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ExxonMobil fined by U.S. for Ukraine sanctions violations — BBCI

ExxonMobil fined by U.S. for Ukraine sanctions violations — BBCI

The U.S. Treasury Department has fined Exxon Mobil Corporation $2 million for violating Russian Federation sanctions related to Ukraine, while Secretary of State Rex Tillerson was CEO of the global oil and gas conglomerate.

According to a penalty filed today by the Treasury Department, the presidents of Exxon's USA subsidiaries in 2014 signed eight agreements for oil and gas projects with Igor Sechin, the president of Russian state-owned oil company Rosneft and a close ally of Vladimir Putin.

The violations occurred in May of that year when the now Secretary of State Rex Tillerson was CEO of ExxonMobil, according to a filing by the Treasury's Office of Foreign Assets Control (OFAC).

In April 2014, in response to its "continuing provocations in Ukraine", the Obama administration expanded its economic sanctions against Russia, freezing the assets of 17 Russian companies and seven Russians linked to Vladimir Putin, as well as prohibiting US dealings with those parties.

Exxon Mobil, at the time of the alleged violation, was headed by Rex Tillerson, who is now the USA secretary of state.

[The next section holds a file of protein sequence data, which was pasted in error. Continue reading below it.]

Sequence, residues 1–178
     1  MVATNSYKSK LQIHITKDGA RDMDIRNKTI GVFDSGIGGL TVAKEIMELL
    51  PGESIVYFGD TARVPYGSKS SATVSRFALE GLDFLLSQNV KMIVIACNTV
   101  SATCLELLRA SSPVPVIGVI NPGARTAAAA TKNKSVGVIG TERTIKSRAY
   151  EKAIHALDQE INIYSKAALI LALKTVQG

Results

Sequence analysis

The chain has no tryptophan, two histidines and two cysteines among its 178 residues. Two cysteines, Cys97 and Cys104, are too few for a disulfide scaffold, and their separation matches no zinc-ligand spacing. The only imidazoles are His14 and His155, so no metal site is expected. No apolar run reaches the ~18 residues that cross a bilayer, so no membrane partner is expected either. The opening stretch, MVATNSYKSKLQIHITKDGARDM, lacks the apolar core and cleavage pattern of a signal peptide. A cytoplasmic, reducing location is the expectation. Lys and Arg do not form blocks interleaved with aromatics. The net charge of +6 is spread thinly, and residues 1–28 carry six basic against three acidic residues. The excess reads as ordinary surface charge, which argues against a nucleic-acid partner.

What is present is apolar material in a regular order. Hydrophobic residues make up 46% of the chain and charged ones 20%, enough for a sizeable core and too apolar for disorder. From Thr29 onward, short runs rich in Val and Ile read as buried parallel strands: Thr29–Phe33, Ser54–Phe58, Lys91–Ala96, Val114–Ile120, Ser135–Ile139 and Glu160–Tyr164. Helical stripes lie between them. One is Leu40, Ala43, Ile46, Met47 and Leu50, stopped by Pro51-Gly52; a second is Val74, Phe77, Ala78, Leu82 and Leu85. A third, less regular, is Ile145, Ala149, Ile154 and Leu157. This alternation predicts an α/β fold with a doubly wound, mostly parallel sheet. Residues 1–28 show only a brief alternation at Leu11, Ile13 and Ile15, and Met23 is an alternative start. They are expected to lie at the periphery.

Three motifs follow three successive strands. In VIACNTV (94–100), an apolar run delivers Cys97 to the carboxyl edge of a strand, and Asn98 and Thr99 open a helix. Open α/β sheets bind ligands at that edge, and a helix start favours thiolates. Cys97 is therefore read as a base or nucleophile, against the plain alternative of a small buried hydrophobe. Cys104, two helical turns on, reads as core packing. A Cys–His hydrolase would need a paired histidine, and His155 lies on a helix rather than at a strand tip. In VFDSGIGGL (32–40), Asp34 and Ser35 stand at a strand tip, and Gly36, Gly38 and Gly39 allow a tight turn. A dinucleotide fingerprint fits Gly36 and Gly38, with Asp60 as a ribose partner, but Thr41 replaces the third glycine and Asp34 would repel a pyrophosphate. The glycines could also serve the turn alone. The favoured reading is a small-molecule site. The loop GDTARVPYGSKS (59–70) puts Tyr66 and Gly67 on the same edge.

Treasury's enforcement action said that the executive order, its guidance for companies and the administration's public statements "all clearly put ExxonMobil on notice that OFAC would consider executing documents with [people subject to sanctions] to violate the prohibitions in the Ukraine-Related Sanctions Regulations".

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The Treasury Department "is trying to retroactively enforce a new interpretation of an executive order" inconsistent with its prior guidance, Jeffers said.

By dealing with Sechin, the company "caused significant harm" to US sanctions on Russian Federation, the Treasury said. That same month, Neil Duffin, president of subsidiary Exxon Mobil Development, signed several deals to continue their work on the massive Sakhalin oil and natural gas project on Russia's eastern coast. As an official of the Russian government, Sechin was "contributing to the crisis in Ukraine", Treasury said. A few days later, Tillerson was unambiguous about Exxon's opposition to the sanctions during his company's annual meeting.

Exxon officials contended that they believed the sanctions against Sechin left room for "personal" business deals and only applied to "professional" conduct.

Sechin is the CEO of Russian state oil giant Rosneft and a close ally of Russian President Vladimir Putin. Tillerson visited the White House numerous times as CEO to protest the sanctions, but they remained in place.

Mr. Tillerson, who has deep ties to Russian Federation and received an Order of Friendship from Moscow, left the firm to become U.S. Secretary of State. The State Department declined to comment on Tillerson's role, referring all questions to Exxon.